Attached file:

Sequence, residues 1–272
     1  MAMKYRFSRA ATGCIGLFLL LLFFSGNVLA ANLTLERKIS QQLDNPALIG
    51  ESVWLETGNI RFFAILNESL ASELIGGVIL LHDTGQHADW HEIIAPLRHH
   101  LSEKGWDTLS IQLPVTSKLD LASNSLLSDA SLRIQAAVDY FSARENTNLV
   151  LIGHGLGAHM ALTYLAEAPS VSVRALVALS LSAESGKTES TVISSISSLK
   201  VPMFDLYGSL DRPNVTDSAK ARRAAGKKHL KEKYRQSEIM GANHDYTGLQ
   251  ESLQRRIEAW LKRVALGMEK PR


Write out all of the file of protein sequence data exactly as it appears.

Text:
Sequence, residues 1–272
     1  MAMKYRFSRA ATGCIGLFLL LLFFSGNVLA ANLTLERKIS QQLDNPALIG
    51  ESVWLETGNI RFFAILNESL ASELIGGVIL LHDTGQHADW HEIIAPLRHH
   101  LSEKGWDTLS IQLPVTSKLD LASNSLLSDA SLRIQAAVDY FSARENTNLV
   151  LIGHGLGAHM ALTYLAEAPS VSVRALVALS LSAESGKTES TVISSISSLK
   201  VPMFDLYGSL DRPNVTDSAK ARRAAGKKHL KEKYRQSEIM GANHDYTGLQ
   251  ESLQRRIEAW LKRVALGMEK PR